Treating feline hyperthyroidism
Hyperthyroidism, where the thyroid glands produce excessive thyroid hormones, is a common condition of older cats. Classic signs include weight loss, a good or increased appetite, increased thirst, increased activity or restlessness, an increased heart rate and a poor coat condition.
Main therapeutic strategies to treat hyperthyroidism
If hyperthyroidism is left untreated, there can be serious consequences. High levels of thyroid hormone can cause changes to the heart, leading to heart failure; can cause hypertension (high blood pressure), leading to damage to many organs; and can be associated with chronic kidney disease.
Treatment is aimed at controlling thyroid hormone concentrations and avoiding or managing any complications (such as high blood pressure). In successfully treated cats, signs of hyperthyroidism can be completely reversed, with no remaining evidence of disease.
Types of treatment for feline hyperthyroidism
Fortunately, hyperthyroidism is a disease that can be readily treated in most cats, and several options are available:
- Medical management
- Radioactive iodine
- Dietary treatment
Daily medication with drugs is a common, effective option to treat hyperthyroidism. Anti-thyroid drugs help block the production of thyroid hormones and so are able to normalise the concentration of these hormones in blood. These drugs do not cure the underlying cause of the hyperthyroidism, and daily treatment will need to be continued for the rest of the cat’s life, but many cats are very successfully managed this way.
This treatment consists of surgically removing the abnormal overactive thyroid tissue. Surgical removal of this abnormal tissue can be a permanent cure, although some cats do develop recurrent disease if unaffected normal tissue later becomes diseased. Following surgery, blood calcium concentrations are usually monitored carefully for a few days as there is a risk of damage to parathyroid glands during surgery (small glands associated with the thyroid gland that help control blood calcium levels). If these become damaged, additional drug therapy may be needed to control blood calcium.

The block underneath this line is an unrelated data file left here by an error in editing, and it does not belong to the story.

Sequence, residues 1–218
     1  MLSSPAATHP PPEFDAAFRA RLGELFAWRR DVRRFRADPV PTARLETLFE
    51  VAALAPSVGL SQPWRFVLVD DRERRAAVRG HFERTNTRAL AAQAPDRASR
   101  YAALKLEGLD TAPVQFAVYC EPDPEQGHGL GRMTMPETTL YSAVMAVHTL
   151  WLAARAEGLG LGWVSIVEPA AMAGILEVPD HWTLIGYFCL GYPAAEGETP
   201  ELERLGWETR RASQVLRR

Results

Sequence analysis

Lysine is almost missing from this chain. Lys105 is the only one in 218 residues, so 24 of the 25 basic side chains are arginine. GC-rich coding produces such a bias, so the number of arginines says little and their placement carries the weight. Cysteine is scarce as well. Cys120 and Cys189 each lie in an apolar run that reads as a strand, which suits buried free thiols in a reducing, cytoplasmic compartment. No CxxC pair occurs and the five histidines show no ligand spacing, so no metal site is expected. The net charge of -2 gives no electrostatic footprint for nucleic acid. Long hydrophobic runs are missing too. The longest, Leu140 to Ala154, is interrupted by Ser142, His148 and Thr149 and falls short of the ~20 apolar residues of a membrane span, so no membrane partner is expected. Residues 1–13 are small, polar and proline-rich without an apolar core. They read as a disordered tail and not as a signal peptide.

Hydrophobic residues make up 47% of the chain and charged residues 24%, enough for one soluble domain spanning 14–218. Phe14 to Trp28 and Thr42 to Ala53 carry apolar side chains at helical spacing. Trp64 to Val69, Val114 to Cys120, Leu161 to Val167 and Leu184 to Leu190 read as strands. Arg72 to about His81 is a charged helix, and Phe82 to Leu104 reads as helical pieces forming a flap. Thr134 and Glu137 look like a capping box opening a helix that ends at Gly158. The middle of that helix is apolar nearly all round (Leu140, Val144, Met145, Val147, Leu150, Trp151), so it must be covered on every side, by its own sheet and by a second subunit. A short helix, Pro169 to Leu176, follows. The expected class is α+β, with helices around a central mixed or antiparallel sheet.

This is a safe, effective and usually curative treatment. It is a form of radiation therapy but in this case radioactive iodine is given by a simple injection (or sometimes by mouth) and this iodine is taken up and concentrated in the abnormal thyroid tissue. The radioactive iodine destroys the abnormal tissue but leaves normal thyroid tissue unaffected. Unfortunately, because this treatment involves radioactive material, it is only available at certain veterinary centres (e.g. some referral practices), and cats have to remain hospitalised for a period of time after treatment.
Iodine, aquired from the diet, is required by the thyroid glands to produce hormones. This means that if a diet is fed with a restricted iodine content, it can help limit thyroid hormone production and normalise concentrations of these hormones in your cat’s blood. This can only be achieved with a specially formulated therapeutic diet from your vet, and to be effective your cat cannot eat anything else. Although this can be a successful treatment, the need to ensure no other foods are eaten means it is not suitable for all cats.
Whatever treatment is chosen for management of the hyperthyroidism, most cats will need an initial course of anti-thyroid drug medication to stabilise the condition, and in some these may be used long-term. In cats, as in humans, two main anti-thyroid drugs are used - methimazole or carbimazole - and these belong to a group of drugs called thioamides or thioimidazoles. The drugs come in tablet or liquid form and are usually given one to three times daily, depending on the formulation and the individual need.
Some cats with hyperthyroidism will have associated hypertension (high blood pressure) and will also require medication (such as amlodipine) to control their blood pressure. It is recommended that blood pressure is checked at the time of diagnosis of hyperthyroidism and throughout treatment - in some cats, successful treatment of the hyperthyroidism leads to resolution of the hypertension (and anti-hypertensive treatment can be withdrawn) but in some others, blood pressure may increase after treatment for hyperthyroidism.